2.1 Review. 2.2 Inference and justifications


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1 Applied Logic Lecture 2: Evidence Semantics for Intuitionistic Propositional Logic Formal logic and evidence CS 4860 Fall 2012 Tuesday, August 28, Review The purpose of logic is to make reasoning precise. It helps answer questions like how can we be sure that a given argument is valid? or why should we believe a claim that has been made what evidence do we have for that?. These questions occur in pretty much all scientific disciplines and particularly in mathematics and computer science, where we ask ourselves Why should we trust in a theorem that has been stated?, What is a proof?, How can we be sure that a given piece of software works as intended?, or how can we verify that?. Logic is not the answer itself, but it provides the means to express answers to such questions in a way that there is no more doubt about the validity of an argument. It also provides mechanisms that help finding the answers. In the last two decades theorem provers have found solutions for mathematical problems that could not be solved by humans before. In order to do that, logic must be formulated in a way that a computer can handle it. In this course we will look at a series of increasingly expressive logics from propositional logic all the way to type theory. We will describe the formal language of these logics, ways to describe evidence for arguments and claims, a formal concept of proofs, ways to provide computer assistance for developing proofs, reasons why the formalisms are reliable, and limitations of what can be done with formal logic at all. 2.2 Inference and justifications One of the key issues of logic is separating valid inferences from invalid ones by providing evidence that justifies a claim that has been made. If evidence can be found, the claim can be accepted. Otherwise we better not trust it. In order to accomplish this, logic has to abstract from of the ambiguities of natural language and drop irrelevant details that may distract us from the key arguments or lead us to wrong conclusions. Example 2.1 Here is an example of a simple, but erroneous argument Mammals have hair. Monkeys have hair. Thus monkeys are mammals. While we know that all three propositions are true individually, the argument itself is flawed. If we replace the word monkeys by something else, e.g by teddybears, and keep the rest unchanged we end up with Mammals have hair. Teddybears have hair. Thus teddybears are mammals. which is obviously wrong. Thus in order to reveal the logical structure of the argument, we should replace words that have meaning by abstract symbols, which gives us ((M H) (A H)) (A M) 1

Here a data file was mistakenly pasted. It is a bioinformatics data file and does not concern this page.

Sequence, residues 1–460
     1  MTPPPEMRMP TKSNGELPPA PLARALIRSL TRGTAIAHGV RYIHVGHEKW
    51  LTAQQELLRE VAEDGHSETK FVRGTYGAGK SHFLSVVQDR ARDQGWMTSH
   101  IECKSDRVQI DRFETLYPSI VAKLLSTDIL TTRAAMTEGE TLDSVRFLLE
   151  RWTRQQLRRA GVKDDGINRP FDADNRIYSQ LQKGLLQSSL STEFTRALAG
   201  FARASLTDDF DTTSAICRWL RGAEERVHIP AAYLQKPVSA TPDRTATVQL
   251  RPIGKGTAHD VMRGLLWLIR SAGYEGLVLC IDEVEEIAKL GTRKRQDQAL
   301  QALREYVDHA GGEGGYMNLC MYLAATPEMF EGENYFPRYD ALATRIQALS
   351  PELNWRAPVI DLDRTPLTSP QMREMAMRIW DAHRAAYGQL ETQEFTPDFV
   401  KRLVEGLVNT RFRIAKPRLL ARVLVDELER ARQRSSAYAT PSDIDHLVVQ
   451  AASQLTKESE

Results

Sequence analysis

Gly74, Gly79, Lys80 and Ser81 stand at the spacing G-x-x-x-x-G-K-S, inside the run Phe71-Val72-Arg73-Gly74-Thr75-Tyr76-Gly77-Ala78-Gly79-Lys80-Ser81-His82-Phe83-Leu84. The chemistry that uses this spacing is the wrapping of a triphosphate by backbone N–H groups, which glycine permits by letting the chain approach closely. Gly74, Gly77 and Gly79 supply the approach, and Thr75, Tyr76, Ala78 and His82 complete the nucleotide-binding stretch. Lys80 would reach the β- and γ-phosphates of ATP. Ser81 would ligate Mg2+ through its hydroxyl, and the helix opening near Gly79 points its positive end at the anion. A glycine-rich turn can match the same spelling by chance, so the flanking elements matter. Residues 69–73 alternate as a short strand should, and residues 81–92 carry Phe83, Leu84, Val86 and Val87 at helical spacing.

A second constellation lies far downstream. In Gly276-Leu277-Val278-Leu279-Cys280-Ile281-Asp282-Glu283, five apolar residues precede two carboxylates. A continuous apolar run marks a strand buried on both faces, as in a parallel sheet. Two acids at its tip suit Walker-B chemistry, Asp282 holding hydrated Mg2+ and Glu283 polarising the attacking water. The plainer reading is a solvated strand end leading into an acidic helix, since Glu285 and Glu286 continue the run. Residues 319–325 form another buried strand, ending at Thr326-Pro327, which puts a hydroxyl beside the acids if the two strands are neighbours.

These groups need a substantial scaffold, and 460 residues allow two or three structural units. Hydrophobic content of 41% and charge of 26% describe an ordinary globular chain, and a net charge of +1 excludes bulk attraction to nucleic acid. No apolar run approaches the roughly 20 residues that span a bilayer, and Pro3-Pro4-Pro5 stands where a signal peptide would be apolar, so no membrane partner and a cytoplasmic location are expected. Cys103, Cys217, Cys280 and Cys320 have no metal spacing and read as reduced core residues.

2 where the symbol M is a placeholder for being a mammal, A for being a monkey, and H for having hair. The symbols and are the usual logical symbols for conjunction and implication. The use of symbolic language makes it obvious that the argument was not a valid inference. So what exactly constitutes a valid logical inference? What evidence can we provide to be sure that a given statement is true? Let us look at a few commonsense examples first. 1 Example 2.2 (Evidence for commonsense propositions) The term evidence is used very often in the legal system. If you want to prove something in court, you need to provide sufficient evidence. (1) Imagine you get pulled over by the police for speeding and you dispute that. What evidence could they provide? (Reading of the radar) What if they claim you ve been using your cell phone while driving? (Cell phone records) (2) Imagine you had a few too many beers at a party, drive home, and get caught. What is the evidence that you will lose your license? A blood test is evidence for drunk driving. But why do you lose your license? (It s the law) So altogether there are three pieces of evidence: You were caught behind the wheel. The blood test proves DWI. The law shows that you ll lose your license as a consequence. 2 (3) What would you consider as evidence that it has been raining a while ago? A strong indicator would be that the streets are wet. But would that be sufficient? We also have to be sure that there hasn t been any street cleaning, no water spills or other reasons for the street being wet. Otherwise the evidence is not enough to prove our point. (4) What evidence would you give that there is either an even number of people in this room or an odd number? People who had too much exposure to the way mathematics is taught today may be inclined to say: it is just so or what else should be the case?. But such an answer is quite unsatisfactory since it relies on a rather metaphysical argument. It does not provide any evidence at all and we still don t know if the number is even or if it is odd. A much more straightforward answer is to count the number of people in the room and use the result to make the decision. So evidence may be atomic or composed out of smaller pieces. It has to be sufficient and it should be given explicitly. 1 While logic by nature is very abstract, the human mind isn t tuned to abstraction. We get easily confused if things are explained only in terms of symbols. Therefore we often use simple, everyday examples to explain new ideas intuitively before introducing the concepts formally. One should keep in mind, though, that these examples are merely illustrations and not part of the formal logic itself. 2 Actually, many laws are described in a way that they can be viewed as logical rules. In Germany, most court decisions are based entirely on the letter of the written law book (the US legal system is a case law individual decisions of judges are used as guidelines for future decisions. Already in the late 1980 s there have been research projects attempting to formalize parts of the law in logic, for instance in order to be able to check contracts for inconsistencies. Investigating that subject could make a nice course project. If anyone is interested, look at or talk to me. 2